Work willingly at whatever you do, as though you were working for the Lord rather than for people. Colossians 3:23
This verse is part of what learning responsibility is all about. Doing a job, when no one else is around because you’re ultimately doing it for the Lord. The challenge comes in teaching this to your kids.
Teaching responsibility to your children is a non-stop job. It’s an area that is very easy to get lazy in because it’s not always convenient to follow up and make sure your kids are actually learning. It’s much easier to yell and threaten and hope they are learning it.
Here’s some thoughts that might give you some clarification as to what you are really trying to do.
Responsibility makes more sense with a hyphen: response-ability. It’s the ability to choose your response in any set of circumstances. Taking responsibility doesn’t mean taking the blame or taking the credit. In my dictionary, it means being accountable for your response no matter what.
Mark Batterson, IF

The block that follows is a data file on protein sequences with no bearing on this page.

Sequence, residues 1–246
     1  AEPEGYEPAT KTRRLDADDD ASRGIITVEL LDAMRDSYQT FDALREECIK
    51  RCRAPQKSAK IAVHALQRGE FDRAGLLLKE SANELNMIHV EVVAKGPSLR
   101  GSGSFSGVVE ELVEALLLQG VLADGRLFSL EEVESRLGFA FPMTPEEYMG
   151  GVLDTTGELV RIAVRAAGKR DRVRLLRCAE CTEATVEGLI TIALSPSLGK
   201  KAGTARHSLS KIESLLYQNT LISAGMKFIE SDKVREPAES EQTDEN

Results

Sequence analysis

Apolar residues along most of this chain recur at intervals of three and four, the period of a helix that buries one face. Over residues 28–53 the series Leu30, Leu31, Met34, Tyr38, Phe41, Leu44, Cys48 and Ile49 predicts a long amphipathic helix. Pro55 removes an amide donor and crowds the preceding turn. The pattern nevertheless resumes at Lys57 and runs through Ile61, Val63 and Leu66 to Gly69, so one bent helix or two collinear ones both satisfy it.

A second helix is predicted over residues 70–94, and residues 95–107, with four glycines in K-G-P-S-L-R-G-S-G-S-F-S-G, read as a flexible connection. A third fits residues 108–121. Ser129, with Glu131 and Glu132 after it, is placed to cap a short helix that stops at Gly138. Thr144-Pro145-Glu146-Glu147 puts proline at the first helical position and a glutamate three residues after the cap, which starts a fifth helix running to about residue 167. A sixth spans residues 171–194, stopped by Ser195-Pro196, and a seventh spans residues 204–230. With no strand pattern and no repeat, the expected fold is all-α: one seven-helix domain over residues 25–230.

Responsibility focuses more on owning up to your response to a situation, and that’s where we all get ourselves into trouble.
Your child gets mad at his bad grade, then blames the teacher for his anger.
You get upset at your child’s coach because your child isn’t playing enough, and blame him for your “justified” anger.
We react, then blame someone else for our reactions.
There’s two things wrong with that.
First of all, blaming never solved a problem.
Second, no one forces you to act a certain way. That is a choice you make, no matter what they do.
So, now when you teach your child responsibility, teach him response-ability–the ability to properly respond to the things that are thrown at him and the courage to recognize the importance of his response.